During their rainy season, water from adjacent garbage dumps flow into the daycare playgrounds and make for an unsanitary play area. Also, the ground become very and soggy making for the daycare classrooms very muddy. With the help of LPK, we’ve collaboratively come up with a plan to help alleviate this problem, among a few others.
First, This project will help to create a stimulating educational environment which will affect the lives of more than 30 children. The women of the community have expressed the need for education for their children to keep them away from the dangers of slum life.
Second, by having their children in Daycare the women of this community will have the freedom to seek employment and begin to financially provide for their families. This will have an impact on the feminist movement currently happening in this slum. These women will now be able to work- just like the men do.
It is known that when a person living with HIV maintains a balanced, healthy diet and medical treatment, they can continue living a fulfilling life. One of the most crippling side effects of HIV is the social stigma surrounding it and how others respond. Isolation can lead to depression and cause the immune system to drop, allowing AIDS to take over more rapidly. Since the beginning of the epidemic, almost 60 million people have been infected with HIV and 25 million people have died from HIV-related causes. Kenya is home to one of the world’s harshest HIV and AIDS epidemics with an estimated 1.5 million people living with HIV. Employment will allow these women to afford their basic needs.
Furthermore having a job provides a sense of purpose and boosts morale. When a person living with HIV maintains a healthy diet and a positive life they can maintain their illness in a similar way that a diabetic would maintain their diabetes. They could live their whole life and never transition to AIDS. The community of women who we will be working closely with, Living Positive, allows women to come together to talk openly about their illness and receive support and encouragement. This daycare will help push Living Positive’s development forward.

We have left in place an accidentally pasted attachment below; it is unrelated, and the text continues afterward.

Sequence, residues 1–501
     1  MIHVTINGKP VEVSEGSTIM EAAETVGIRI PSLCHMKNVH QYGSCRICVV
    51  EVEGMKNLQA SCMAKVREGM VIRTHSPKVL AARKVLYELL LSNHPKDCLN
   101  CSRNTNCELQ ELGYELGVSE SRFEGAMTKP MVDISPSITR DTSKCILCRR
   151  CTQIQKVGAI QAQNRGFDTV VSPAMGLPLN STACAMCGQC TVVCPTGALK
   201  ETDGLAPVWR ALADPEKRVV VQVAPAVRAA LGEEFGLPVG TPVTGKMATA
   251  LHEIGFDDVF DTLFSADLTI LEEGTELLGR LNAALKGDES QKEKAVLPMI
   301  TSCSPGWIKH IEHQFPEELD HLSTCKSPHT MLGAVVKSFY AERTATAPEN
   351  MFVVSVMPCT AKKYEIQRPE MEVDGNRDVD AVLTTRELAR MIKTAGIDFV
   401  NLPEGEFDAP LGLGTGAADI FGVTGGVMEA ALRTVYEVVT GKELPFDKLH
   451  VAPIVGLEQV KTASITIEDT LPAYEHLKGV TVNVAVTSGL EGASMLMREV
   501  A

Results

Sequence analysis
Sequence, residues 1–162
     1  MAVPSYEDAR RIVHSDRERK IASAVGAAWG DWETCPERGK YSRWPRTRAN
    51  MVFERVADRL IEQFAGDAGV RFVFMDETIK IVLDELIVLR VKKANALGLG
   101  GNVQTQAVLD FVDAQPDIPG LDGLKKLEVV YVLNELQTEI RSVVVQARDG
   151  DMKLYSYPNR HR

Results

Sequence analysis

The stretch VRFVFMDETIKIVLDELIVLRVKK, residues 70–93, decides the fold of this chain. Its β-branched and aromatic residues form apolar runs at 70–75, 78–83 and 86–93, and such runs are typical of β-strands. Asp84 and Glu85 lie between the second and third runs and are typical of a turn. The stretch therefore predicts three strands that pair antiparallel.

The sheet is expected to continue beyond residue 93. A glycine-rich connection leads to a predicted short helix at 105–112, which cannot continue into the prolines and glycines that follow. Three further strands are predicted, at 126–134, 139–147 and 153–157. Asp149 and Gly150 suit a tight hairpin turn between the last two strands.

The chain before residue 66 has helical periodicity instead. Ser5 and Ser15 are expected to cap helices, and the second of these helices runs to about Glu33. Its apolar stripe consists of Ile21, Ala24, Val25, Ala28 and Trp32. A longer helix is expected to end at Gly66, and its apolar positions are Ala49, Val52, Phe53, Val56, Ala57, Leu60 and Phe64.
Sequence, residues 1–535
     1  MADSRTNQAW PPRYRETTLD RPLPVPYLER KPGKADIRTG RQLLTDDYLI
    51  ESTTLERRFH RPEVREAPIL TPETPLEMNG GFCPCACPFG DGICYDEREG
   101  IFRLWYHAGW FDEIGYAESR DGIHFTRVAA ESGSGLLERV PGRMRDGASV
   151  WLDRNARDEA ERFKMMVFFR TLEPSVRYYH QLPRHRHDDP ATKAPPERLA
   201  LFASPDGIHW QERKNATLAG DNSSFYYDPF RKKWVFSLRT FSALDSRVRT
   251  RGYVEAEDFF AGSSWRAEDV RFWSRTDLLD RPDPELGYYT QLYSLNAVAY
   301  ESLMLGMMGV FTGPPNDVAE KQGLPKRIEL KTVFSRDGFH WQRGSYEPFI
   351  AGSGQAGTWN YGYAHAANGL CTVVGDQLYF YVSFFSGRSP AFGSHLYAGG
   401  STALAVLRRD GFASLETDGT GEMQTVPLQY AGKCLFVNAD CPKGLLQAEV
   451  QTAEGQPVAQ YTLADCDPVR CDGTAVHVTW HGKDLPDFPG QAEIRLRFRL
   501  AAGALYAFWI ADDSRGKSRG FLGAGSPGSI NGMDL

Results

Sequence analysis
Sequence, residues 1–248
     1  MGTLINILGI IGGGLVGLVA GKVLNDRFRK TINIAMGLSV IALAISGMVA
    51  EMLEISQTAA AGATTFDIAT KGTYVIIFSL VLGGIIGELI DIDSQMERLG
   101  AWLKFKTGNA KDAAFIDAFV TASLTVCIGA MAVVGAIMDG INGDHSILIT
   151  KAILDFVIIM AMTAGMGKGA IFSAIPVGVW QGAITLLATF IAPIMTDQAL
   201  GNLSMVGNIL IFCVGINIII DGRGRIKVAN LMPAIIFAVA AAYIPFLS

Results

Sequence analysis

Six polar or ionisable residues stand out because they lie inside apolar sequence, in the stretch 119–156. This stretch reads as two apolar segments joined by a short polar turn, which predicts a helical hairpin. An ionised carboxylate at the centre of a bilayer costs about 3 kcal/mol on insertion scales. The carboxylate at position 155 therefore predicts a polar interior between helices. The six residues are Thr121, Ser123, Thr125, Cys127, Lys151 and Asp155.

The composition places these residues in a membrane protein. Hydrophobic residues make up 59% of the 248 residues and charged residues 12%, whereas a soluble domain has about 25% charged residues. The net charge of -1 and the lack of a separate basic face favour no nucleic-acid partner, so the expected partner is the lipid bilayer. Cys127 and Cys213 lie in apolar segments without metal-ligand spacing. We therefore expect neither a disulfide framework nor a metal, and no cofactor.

Finally, many volunteers who take on a task similar to this do not realize that bringing foreign supplies and non-local workers can cause more harm than good. For example, by bringing supplies you put certain business at risk of losing costumers which will affect their employers, families of employers and maybe even their children’s ability to go to school- considering that school costs could no longer be paid by the parent. We plan to break this cycle by spending our fundraised money directly in the slum on building supplies, and on local community workers. This will generate money flow and bring a small amount of wealth to this area. When working with the community we won’t disregard their existing systems, rather we will help them grow.